Over the past week and a half, I have had the opportunity to attend three different campaign rallies for presidential candidates. Five, if you go back another couple of months.
Lindsay Graham was the first (before he dropped out), followed by Bernie Sanders. Then came Donald Trump, Jeb Bush and Marco Rubio. Of the five, Trump was the only one I didn’t have a chance to personally meet.
Without declaring my candidate of choice, I have to say that all were charismatic, polished and knew how to talk to a crowd. Without exception, they all genuinely believed themselves to be the best person for the job.
Their confidence is impressive. I have never had that much confidence in any of my abilities — let alone the notion of leading an entire country.
Now, I don’t mean that I’m an insecure person, you have to have fairly thick skin to be in my line of work. But the ego of these people is simply astounding. To stand in front of a crowd of thousands and proclaim yourself to be the hardest working, most qualified, the best person to run a nation …
I truly don’t know how they do it.
I’m not picking on them, it takes guts to open yourself up to that level of scrutiny. I know I certainly wouldn’t want to disclose all the skeletons in my closet.
I think what it comes down to is chutzpah. They’ve all got it. And whether you’re for Hillary or for “The Donald,” Rubio or Cruz, Bernie or Bush, you have to admire the dedication and tenacity of all the candidates.
It takes a true patriot to want to want that job — being a president has got to be the most nerve-racking, ulcer-inducing, thankless profession of all time. I stress out over mistakes I make all the time, but I’ve never had to worry about accidentally offending a world leader or inadvertently plunging my country into war.
I worry about thing like: “Do we have enough milk in the house to make it until morning?” and “Did I remember to pay the cable bill?”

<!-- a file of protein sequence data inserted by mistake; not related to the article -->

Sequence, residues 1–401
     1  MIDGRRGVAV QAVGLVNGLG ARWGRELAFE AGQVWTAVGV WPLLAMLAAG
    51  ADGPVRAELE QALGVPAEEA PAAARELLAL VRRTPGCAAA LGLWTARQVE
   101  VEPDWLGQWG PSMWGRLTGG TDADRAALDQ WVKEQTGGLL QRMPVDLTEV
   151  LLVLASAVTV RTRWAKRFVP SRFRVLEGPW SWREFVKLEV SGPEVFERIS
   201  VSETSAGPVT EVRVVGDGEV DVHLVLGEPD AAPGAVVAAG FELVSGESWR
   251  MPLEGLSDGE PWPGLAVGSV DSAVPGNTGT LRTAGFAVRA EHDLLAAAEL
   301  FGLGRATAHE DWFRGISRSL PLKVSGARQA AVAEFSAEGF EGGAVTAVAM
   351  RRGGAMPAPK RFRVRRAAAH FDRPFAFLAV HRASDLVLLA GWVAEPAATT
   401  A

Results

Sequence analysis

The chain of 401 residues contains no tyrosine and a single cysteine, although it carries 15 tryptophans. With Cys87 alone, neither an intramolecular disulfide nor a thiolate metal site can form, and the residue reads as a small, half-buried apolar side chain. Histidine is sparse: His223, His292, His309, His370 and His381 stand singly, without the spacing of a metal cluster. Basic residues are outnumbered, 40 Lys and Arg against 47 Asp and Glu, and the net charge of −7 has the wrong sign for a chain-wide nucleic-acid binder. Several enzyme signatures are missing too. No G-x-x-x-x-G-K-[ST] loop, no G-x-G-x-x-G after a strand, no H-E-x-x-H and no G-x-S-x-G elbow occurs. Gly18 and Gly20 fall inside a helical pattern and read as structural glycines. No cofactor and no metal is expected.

(On a side note, the answers to those questions were “No” and “Yes” respectively.)
What is it that makes a person want to run for office? And I don’t mean just the presidency, but any office. Mayors and council members, school boards and state Legislature … It’s a job where no matter what you do, there’s going to be a whole mess of people who hate you and think you do a terrible job.
There’s no way I could handle that. Well, that and the fact that I’m absolutely not qualified. You just don’t see a whole lot of English Lit majors running for public office …
That being said, I do make it a point to participate in my government. Meaning, I vote. I have voted in every single election in which I was legally entitled to do so, something which you wouldn’t think would be a point of pride, but think about this: the last election in Pickens County was the 2015 Municipal Election.
The highest voter turnout was for Pickens City Council where a total of 239 people cast a ballot. Two hundred and thirty nine. Out of 1,846 eligible voters. Just over 12 percent. In Easley? Only 6.2 percent of eligible voters bothered to show up.
With the primaries just around the corner, more and more candidates are campaigning in South Carolina, many right here in the Upstate. I urge you to go to the rallies, meet these people and listen to what they have to say. And not just “your” candidate — go to the guy’s rally you can’t stand. You don’t have to wave a sign or put a bumper sticker on your car — just listen. Knowledge is power after all and the more you know about the candidates, all of them, the better off you’ll be.
And whatever you do, whomever you choose, come Feb. 20 and Feb. 27, st your ballot and make your voice heard.
Kasie Strickland is a staff writer for The Easley Progress, The Pickens Sentinel and Powdersville Post and can be reached at email@example.com. Views expressed in this column are those of the writer only and do not represent the newspaper’s opinion.